The second picture shows a video of Joe explaining the importance of citing resources. If your uploaded record includes someone else’s work, especially from the HitRecord website you can cite them and give them credit for their addition to your record. This brings up the copyright issue and using other people’s work without citing or giving them credit. I love when Joe states “The fun part is the artist(s) you remixed will get notified about your release, which will make them feel awesome, and your new record will be listed as a remix of their original record”. Again, it’s all about collaboration and giving credit where credit is due.
After clicking the circle, clarifying that your record is an original work, a record(s) from HitRecord, or in the public domain, a different video pops up explaining why you can’t upload copyrighted work:
In conclusion, it seems very noticeable that HitRecord is very adamant about the copyright guidelines and giving people the credit they deserve. Not only do they protect the rights of the creators but they also educate users about copyright and the importance of citing. As a collaborative site, there is need to make this information known to all who use it.
B. Creativity through collaboration
First I will start off with a few quotes from Renee Hobbs’ book Copyright Clarity:
- “Every form of creativity is connected to and inspired by the works we’ve come in contact with previously” (Hobbs, p. 17).
- “Copying is part of the creative process” (Hobbs, p. 41).
- “Today nearly all forms of contemporary creative expression involve collaboration and teamwork” (Hobbs, p.44).
- “Most new ideas develop as a result of the conversation process and the sharing of ideas” (Hobbs, p. 44).
Basically, what I’m trying to say is that creativity is built off of other’s works. Some form of copying will happen when someone creates off of inspiration, connection or observation. Also, creation isn’t independent work 100% of the time anymore. Whether they discuss with others or work in teams to create some form of collaboration will take place.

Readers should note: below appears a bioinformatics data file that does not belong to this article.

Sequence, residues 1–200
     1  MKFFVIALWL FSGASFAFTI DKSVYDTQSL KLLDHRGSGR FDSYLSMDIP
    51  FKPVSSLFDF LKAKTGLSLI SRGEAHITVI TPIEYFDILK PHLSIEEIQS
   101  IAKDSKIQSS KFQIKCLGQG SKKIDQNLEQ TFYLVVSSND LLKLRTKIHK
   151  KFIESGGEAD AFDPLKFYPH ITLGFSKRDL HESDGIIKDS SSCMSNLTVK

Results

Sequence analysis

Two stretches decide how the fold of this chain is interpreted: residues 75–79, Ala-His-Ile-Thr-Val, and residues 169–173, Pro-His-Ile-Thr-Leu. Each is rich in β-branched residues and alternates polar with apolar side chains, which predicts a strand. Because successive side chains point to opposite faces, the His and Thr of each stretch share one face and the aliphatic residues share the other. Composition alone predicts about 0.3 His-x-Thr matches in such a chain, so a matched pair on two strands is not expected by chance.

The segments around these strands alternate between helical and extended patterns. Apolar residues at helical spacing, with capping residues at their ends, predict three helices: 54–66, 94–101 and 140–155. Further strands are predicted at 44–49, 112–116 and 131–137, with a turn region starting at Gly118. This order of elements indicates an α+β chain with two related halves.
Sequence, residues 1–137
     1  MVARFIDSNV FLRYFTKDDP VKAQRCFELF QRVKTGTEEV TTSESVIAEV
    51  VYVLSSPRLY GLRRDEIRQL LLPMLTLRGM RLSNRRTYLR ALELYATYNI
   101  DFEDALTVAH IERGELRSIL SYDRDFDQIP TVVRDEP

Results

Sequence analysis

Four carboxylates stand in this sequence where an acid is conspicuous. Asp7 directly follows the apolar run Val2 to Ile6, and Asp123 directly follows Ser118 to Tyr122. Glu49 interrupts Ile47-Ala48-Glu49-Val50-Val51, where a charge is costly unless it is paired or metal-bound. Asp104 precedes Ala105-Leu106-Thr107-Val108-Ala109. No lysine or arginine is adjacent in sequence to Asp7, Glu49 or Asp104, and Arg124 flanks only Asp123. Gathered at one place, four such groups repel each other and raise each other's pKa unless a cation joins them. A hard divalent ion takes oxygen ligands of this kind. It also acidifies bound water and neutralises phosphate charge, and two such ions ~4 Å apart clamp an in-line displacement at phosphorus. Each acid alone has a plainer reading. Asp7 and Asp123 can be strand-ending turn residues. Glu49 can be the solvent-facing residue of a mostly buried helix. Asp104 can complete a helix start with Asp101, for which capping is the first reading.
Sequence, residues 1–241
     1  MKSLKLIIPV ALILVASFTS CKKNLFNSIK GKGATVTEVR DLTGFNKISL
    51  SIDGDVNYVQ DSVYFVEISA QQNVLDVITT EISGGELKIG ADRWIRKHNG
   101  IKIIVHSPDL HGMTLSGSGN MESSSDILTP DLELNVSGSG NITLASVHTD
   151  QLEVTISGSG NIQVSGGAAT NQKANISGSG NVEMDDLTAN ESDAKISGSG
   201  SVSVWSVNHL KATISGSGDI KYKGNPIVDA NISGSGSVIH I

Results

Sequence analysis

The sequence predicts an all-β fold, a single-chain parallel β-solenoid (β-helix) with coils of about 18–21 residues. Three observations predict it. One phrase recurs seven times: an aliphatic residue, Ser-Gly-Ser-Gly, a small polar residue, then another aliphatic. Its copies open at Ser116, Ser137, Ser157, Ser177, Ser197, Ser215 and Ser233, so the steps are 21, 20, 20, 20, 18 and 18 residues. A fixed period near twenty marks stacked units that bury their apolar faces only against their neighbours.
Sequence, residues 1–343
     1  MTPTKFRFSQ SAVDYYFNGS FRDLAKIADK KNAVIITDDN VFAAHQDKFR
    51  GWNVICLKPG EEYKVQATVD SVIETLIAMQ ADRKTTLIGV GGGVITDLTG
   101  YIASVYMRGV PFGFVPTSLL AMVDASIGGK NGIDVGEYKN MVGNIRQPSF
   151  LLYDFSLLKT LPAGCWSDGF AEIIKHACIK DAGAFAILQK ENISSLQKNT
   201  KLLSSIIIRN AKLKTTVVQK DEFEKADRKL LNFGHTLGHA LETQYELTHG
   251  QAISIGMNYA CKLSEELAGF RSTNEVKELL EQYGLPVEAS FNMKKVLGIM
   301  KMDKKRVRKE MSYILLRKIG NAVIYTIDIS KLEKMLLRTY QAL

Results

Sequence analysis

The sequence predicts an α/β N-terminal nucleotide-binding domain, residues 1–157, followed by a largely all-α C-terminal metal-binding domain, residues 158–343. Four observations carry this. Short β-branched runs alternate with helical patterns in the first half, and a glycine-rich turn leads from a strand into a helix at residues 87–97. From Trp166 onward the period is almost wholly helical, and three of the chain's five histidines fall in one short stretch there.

Again, back to the issue of copyrighting, under fair use, the court will most likely to find any work used fairly when there is transformativeness (Hobbs, p. 48). Transformativeness is when you repurpose copyrighted material as part of a creative project (Hobbs, p.8). Therefore, when you take someone else’s work and add or change it to where the new work is not just a copy of the original work, you can claim fair use. (Fair use is a part of the copyright law that “enables people to make legal use of copyright materials without payment or permission” (Hobbs, p.16)).
This is true of HitRecord. You can take something that another user has uploaded, for example a beat (music). You use the beat to create lyrics and then sing it over the beat while recording yourself singing. You then upload this, with citation of the original record, on HitRecord. This is transformative because you have added lyrics to the beat and recorded yourself singing them. This new record is completely different from the original record.
Scott McCloud, briefly hits on collaboration and creativity in his book Understanding Comics: The Invisible Art. He state, “invent new ways of showing ‘the same old thing'” (p. 176). In the end, creation takes bits and pieces from others in order to create new and different pieces. This is one of the main purposes of HitRecord. The creative challenges help people collaborate in creating something together. Users who may need help finishing a production can also use the site. They upload what they have and look for people who can help. This all takes collaboration.
Gordon-Levitt, J. (n.d). HitRecord. Retrieved April 05, 2016, from https://www.hitrecord.org/
Hobbs, R. (2011). Copyright clarity: How fair use supports digital learning. Thousand Oaks: Corwin/Sage.
McCloud, S. (1993). Understanding comics. New York: Kitchen Sink Press.
*Photos were taken from hitrecord.org using snip it